Welcome to That's a Wrap, a weekly round up of what's been going on in and around the U.S. Fish and Wildlife Service! Every Friday, we'll supply you with the best news and info you'll need before heading out the door for the weekend.
And now, a disclaimer! We can't gather all of these lovely tidbits ourselves, so some of our links will take you away from the U.S. Fish and Wildlife website. We will never knowingly link to anything malicious, but we are obliged to tell you to be careful out there.
This week in the Service we ...
... announced a proposal to protect Macaws. Four different species are under consideration for a listing as endangered under the Endangered Species Act: he great green macaw, hyacinth macaw, military macaw and scarlet macaw. The proposed rules are now in the Federal Register -- and the comment period ends September 4.
... awarded grants to battle White-Nose Syndrome. Over $900,000 has been awarded to 30 states for projects associated with WNS projects. The disease, which was first documented in the winter of 2006-2007, has spread to 19 states and four Canadian provinces.
And in other news ...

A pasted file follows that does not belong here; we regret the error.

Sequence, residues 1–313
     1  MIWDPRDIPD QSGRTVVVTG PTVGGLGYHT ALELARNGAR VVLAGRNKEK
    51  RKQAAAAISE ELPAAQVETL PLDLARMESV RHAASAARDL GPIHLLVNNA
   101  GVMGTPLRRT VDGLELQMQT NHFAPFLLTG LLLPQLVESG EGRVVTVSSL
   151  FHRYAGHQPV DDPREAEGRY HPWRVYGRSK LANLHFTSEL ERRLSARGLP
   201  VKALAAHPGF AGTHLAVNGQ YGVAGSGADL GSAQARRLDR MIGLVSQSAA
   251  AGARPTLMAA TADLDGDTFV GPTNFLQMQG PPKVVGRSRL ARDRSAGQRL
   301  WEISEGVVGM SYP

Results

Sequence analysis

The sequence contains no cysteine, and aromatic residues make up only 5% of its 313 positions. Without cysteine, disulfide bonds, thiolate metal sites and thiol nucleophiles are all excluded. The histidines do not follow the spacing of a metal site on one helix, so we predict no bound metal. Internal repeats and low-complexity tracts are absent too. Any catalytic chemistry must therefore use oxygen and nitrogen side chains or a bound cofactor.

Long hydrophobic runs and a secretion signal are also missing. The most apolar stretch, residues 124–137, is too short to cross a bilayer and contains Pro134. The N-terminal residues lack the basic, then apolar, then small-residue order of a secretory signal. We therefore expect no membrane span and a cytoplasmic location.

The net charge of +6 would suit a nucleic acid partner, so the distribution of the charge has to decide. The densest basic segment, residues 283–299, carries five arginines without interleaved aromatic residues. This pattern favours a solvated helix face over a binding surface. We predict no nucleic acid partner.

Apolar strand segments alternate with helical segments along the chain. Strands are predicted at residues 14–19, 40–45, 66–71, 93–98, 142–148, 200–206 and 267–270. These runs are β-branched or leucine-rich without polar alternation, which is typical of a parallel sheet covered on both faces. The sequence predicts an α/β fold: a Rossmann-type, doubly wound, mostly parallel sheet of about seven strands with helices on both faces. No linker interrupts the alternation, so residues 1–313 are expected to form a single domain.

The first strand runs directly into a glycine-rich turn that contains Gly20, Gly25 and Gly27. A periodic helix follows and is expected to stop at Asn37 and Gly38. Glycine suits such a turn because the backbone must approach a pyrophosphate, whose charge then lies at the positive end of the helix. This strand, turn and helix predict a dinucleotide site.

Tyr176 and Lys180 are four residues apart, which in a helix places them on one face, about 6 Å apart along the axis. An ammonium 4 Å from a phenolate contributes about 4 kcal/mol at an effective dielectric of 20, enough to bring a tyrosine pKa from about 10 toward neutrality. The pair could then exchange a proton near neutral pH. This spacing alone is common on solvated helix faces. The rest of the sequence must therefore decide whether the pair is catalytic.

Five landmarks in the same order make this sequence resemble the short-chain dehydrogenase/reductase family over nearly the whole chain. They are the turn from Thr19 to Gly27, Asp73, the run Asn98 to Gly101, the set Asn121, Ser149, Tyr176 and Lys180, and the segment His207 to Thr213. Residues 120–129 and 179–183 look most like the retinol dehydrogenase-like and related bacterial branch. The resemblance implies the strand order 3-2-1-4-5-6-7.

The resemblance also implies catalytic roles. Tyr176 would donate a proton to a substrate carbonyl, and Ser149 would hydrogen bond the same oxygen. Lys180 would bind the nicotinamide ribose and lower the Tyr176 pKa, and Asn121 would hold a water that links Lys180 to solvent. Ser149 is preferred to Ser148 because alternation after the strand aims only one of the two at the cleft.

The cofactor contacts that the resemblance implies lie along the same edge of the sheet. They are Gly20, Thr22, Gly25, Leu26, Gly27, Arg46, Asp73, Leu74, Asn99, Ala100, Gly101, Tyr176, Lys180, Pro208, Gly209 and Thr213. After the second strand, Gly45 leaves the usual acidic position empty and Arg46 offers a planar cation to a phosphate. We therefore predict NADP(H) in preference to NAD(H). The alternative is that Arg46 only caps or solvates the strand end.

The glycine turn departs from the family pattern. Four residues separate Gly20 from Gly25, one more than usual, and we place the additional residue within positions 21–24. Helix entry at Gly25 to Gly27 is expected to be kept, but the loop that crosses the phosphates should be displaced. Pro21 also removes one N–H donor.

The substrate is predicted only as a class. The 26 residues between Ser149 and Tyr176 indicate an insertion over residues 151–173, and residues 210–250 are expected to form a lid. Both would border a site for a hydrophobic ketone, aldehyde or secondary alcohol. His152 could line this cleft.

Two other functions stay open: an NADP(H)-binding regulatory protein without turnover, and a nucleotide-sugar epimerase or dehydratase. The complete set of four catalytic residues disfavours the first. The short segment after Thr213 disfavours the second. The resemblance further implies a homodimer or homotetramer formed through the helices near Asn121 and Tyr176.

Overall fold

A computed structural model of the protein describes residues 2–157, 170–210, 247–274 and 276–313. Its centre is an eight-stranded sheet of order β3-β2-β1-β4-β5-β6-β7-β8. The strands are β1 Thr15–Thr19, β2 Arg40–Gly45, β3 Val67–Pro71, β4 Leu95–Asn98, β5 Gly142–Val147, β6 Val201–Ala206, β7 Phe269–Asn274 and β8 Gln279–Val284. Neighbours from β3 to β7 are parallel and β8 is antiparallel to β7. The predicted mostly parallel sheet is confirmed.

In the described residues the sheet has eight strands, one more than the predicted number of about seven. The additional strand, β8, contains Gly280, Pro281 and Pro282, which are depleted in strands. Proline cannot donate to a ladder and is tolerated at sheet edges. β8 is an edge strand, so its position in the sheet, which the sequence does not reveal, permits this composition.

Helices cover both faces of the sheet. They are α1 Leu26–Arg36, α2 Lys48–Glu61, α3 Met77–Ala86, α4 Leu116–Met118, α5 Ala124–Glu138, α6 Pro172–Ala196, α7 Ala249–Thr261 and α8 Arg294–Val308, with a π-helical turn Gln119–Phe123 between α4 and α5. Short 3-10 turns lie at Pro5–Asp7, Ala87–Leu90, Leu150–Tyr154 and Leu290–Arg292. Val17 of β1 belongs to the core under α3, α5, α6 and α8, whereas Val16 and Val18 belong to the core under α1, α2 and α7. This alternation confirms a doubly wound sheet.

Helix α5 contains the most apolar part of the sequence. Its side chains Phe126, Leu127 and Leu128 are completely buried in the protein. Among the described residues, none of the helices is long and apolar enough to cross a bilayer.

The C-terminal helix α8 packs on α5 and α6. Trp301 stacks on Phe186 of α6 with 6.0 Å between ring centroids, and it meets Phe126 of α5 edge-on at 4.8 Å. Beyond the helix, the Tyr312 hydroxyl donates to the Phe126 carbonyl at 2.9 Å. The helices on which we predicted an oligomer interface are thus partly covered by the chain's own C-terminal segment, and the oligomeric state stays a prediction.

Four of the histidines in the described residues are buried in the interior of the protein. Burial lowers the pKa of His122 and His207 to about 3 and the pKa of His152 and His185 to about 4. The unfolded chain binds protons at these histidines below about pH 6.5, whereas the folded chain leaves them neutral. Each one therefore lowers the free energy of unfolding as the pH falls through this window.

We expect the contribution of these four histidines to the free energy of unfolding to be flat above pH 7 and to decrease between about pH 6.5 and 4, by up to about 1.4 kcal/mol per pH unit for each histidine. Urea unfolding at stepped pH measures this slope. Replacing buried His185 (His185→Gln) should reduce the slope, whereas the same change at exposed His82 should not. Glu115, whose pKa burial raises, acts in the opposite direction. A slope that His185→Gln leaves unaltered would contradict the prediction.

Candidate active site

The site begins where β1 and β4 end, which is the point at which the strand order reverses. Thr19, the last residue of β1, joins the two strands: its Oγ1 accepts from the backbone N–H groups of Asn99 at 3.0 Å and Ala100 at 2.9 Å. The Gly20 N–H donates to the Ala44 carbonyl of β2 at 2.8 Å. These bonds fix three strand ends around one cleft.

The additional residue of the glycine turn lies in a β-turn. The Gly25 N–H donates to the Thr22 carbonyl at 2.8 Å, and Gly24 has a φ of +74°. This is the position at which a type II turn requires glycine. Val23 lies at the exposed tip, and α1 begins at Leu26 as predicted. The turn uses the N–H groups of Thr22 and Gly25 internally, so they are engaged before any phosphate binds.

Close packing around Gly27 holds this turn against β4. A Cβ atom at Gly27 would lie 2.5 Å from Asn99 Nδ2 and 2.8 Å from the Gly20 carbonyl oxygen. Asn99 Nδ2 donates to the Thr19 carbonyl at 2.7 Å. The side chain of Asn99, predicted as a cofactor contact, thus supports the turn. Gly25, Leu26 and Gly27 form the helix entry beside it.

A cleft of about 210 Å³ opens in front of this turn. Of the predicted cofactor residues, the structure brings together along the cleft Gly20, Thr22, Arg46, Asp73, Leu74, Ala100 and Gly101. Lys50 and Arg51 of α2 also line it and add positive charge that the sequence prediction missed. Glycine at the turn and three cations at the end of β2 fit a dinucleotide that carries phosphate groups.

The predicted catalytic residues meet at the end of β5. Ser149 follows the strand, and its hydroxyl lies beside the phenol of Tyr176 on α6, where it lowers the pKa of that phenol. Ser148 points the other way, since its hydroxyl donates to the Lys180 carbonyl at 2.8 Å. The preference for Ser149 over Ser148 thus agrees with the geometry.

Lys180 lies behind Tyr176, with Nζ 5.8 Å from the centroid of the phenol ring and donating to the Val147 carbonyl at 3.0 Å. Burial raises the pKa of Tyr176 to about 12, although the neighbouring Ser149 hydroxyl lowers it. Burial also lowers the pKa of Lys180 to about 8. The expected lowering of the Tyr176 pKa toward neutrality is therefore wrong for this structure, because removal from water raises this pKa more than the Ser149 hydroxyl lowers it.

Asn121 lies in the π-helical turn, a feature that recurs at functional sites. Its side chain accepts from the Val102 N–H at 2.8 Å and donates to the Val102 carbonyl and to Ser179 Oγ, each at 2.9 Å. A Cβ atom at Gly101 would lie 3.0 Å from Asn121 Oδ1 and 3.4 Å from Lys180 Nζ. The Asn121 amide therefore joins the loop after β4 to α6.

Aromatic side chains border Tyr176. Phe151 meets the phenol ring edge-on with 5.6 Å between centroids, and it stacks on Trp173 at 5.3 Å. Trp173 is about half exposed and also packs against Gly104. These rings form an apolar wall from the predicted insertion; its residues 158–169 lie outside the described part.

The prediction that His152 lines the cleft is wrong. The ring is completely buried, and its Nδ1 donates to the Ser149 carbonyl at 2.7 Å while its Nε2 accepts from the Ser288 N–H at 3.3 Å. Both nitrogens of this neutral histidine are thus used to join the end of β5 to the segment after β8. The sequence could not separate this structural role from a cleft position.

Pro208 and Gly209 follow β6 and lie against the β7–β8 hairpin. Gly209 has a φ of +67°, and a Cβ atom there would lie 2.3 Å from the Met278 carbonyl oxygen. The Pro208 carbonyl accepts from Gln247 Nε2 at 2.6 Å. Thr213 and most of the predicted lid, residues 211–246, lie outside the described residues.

... seems like Cuttlefish can be two-faced creatures. According to new research, some male cephalopods can display female stripe patterns on one side and male stripe patterns when they are trying to mate. (Washington Post)
... trouts' snouts might be nature's original compasses. A new study published in the Proceedings of the National Academy of Sciences says magnetic cells in the noses of trout might help scientists solve the mystery of how animals migrate by using the Earth's magnetic field. (Bloomberg)
... 2011 was a year of "extreme weather events". The annual State of the Climate report from NOAA states that 2011 was the coolest year on record since 2008, but temperatures are still hovering above 30 year averages. (NOAA)
Pic of the Week
Little brown bat affected by WNS. (Photo: USFWS)
And before you go ...